The ensuing Allegro appassionato was more receptive to the natural pedal effect of the Dana acoustics on the piano, and Gutiérrez’ virility contrasted effectively with the Festival Orchestra’s delicacy. Against a finely becalmed backdrop, the soloist became livelier and more rhythmic, yet together orchestra and soloist crested in grandeur as the movement ended. The slow Andante movement was even more ideally suited to the hall as a skein of cellos, settling over a mist of violins, added introductory magic. Before we heard from the pianist here, violins and winds deliciously ratcheted our anticipation upwards. Gutiérrez did not disappoint, surpassing himself with his lyrical outpourings, two dreamy perorations sandwiched around a reminder of his thunder. In the concluding Allegretto grazioso, he played with a geniality that suggested all difficulties had already been overcome. Rhythmic aspects of Gutiérrez’ keyboard work were more merrily emphasized than before, with a treble that truly gleamed.

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Never having seen a live performance of Eine Alpensinfonie before, I’ll have to admit that a glance at the program booklet filled me with dread. There are no fewer than 22 parts to this mountain journey with no pauses, and apart from unmistakable signposts, how could I be sure where we were? Maybe that disorientation explains why this epic symphony is so rarely given a live hearing! Well, I needn’t have worried. Supertitles to the rescue! After the nearly self-explanatory “Night” to “Sunrise” sequence, with a starburst nearly as glorious as the famed Also Sprach Zarathustra opening, navigation was effortless across forest, stream, waterfall, and meadow as titles projected over the proscenium marked the beginning of each new stage of our Alpine tour.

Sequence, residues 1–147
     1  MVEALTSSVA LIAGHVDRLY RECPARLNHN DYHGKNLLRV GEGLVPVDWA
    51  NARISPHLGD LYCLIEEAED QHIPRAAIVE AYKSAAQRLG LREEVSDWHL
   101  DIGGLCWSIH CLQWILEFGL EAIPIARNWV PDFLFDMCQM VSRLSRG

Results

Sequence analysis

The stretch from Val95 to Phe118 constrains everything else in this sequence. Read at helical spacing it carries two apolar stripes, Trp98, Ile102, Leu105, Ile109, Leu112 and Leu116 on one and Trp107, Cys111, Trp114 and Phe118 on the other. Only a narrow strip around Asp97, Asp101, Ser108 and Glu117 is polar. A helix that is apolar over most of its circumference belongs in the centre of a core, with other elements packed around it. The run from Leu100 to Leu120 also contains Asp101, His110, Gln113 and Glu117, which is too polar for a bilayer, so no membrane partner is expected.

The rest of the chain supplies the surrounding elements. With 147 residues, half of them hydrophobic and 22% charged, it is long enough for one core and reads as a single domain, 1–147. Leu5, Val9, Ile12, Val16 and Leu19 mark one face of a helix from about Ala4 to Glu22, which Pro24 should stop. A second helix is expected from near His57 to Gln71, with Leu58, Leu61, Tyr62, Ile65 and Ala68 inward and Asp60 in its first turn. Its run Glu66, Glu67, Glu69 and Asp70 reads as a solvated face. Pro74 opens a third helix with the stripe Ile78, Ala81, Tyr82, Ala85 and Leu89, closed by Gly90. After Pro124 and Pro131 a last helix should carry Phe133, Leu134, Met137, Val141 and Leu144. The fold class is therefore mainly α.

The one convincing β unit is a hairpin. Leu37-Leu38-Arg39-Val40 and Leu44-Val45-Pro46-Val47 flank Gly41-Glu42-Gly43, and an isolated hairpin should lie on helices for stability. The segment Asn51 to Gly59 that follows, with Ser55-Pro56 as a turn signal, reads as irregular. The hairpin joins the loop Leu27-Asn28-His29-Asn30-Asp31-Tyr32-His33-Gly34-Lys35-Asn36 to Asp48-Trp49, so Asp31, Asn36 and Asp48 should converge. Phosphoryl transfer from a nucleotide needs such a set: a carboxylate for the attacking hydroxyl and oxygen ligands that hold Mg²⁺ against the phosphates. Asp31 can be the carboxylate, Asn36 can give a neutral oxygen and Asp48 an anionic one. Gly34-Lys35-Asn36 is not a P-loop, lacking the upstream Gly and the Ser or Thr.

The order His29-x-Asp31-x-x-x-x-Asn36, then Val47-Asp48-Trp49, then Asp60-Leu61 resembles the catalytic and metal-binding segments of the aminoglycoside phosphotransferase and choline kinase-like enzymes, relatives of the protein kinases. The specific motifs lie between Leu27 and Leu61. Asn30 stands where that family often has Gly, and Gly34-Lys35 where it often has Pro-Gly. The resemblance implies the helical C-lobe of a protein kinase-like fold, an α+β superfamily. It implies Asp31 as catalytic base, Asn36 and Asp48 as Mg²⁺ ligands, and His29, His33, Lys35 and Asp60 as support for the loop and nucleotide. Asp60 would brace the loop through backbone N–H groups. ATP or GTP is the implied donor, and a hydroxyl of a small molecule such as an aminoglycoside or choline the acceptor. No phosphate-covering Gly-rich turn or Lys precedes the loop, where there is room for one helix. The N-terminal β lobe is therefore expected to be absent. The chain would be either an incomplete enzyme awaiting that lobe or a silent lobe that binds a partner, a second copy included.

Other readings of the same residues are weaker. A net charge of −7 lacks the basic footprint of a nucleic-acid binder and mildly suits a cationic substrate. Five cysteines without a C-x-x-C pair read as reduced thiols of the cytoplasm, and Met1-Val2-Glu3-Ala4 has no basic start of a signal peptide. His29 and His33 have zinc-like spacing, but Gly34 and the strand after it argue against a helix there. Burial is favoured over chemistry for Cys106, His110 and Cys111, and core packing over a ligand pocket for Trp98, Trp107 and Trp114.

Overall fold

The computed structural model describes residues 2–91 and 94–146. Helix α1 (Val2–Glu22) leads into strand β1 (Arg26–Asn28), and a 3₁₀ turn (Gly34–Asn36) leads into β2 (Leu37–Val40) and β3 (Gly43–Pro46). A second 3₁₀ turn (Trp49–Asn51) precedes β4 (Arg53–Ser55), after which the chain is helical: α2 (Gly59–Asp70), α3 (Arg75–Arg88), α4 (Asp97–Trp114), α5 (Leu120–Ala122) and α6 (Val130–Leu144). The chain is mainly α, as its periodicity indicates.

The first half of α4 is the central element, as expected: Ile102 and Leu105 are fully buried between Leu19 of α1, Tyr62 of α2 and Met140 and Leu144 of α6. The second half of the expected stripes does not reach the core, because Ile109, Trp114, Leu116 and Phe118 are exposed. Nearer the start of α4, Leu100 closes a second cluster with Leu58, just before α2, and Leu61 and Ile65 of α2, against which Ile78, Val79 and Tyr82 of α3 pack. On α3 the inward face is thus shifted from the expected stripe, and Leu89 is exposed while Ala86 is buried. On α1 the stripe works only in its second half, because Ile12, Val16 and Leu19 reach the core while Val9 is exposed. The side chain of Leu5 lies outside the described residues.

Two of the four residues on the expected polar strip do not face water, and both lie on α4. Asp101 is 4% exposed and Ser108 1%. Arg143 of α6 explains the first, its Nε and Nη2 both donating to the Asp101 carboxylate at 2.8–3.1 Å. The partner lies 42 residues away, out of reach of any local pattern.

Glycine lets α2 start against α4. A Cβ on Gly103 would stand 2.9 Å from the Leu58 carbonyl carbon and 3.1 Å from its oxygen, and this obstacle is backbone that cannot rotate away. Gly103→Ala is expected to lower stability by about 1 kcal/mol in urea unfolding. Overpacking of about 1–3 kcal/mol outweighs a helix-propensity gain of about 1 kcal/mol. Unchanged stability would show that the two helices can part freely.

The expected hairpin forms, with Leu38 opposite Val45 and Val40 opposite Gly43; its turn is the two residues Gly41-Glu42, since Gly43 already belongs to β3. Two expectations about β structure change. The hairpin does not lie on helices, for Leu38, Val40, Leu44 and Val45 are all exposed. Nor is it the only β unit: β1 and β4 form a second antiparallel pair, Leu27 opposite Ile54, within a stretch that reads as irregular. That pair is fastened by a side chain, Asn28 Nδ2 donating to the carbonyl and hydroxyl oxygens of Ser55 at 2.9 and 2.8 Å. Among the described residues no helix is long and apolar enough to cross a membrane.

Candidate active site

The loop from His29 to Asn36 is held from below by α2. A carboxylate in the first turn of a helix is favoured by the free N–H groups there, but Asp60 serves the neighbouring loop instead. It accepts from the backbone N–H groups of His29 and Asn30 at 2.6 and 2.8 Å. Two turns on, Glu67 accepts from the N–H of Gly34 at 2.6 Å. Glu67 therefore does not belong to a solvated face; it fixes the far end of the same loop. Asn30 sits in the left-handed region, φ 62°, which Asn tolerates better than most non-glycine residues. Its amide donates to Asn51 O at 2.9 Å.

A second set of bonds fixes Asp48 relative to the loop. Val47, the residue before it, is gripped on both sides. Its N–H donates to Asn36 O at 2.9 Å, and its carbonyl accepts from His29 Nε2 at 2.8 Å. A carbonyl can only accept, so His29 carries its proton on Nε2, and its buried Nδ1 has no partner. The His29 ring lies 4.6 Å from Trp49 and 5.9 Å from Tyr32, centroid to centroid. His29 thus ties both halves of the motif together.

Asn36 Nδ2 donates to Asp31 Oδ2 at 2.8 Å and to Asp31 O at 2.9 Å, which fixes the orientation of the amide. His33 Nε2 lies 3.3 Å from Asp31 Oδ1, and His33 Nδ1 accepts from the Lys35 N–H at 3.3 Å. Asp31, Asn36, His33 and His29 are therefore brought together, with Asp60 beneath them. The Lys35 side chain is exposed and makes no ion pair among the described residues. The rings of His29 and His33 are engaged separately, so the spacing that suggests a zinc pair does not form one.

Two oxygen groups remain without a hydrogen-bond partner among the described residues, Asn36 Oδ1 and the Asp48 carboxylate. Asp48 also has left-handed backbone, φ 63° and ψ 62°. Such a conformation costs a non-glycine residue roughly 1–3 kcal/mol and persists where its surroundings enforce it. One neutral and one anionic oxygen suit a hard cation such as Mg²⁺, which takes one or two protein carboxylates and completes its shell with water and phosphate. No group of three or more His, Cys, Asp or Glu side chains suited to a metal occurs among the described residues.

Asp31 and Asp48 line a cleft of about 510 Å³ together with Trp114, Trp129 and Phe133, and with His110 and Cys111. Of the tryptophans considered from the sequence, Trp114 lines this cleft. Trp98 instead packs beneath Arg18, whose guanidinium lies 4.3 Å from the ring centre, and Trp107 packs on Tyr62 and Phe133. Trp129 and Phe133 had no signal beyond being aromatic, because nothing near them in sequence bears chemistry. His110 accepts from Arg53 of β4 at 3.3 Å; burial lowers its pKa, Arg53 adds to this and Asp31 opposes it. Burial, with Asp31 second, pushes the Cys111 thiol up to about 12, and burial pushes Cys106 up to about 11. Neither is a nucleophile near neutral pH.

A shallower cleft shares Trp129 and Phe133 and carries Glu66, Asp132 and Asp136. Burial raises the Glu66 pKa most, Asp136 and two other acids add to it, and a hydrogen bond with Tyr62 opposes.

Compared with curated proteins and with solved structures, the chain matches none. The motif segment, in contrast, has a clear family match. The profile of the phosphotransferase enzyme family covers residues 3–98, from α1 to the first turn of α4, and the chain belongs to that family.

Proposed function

Offstage horns were now contextualized as we began “The Ascent,” and we could be surer that the lonely oboe or English horn signaled our arrival at “The Alpine Pasture,” speckled soon afterwards with birdlike twitterings of a flute. Reaching the “Summit,” “Sunset,” and the final onset of “Night” were predictable glories lying ahead, but a large aluminum sheet hanging down over the percussion section upstage was a sure forecast of stormy weather. Looking at the adult musicians playing during the “Thunder and Storm” section of Alpine Symphony, I felt like they were having as much fun as the students had the night before as they revealed the mysteries of Death and Transfiguration.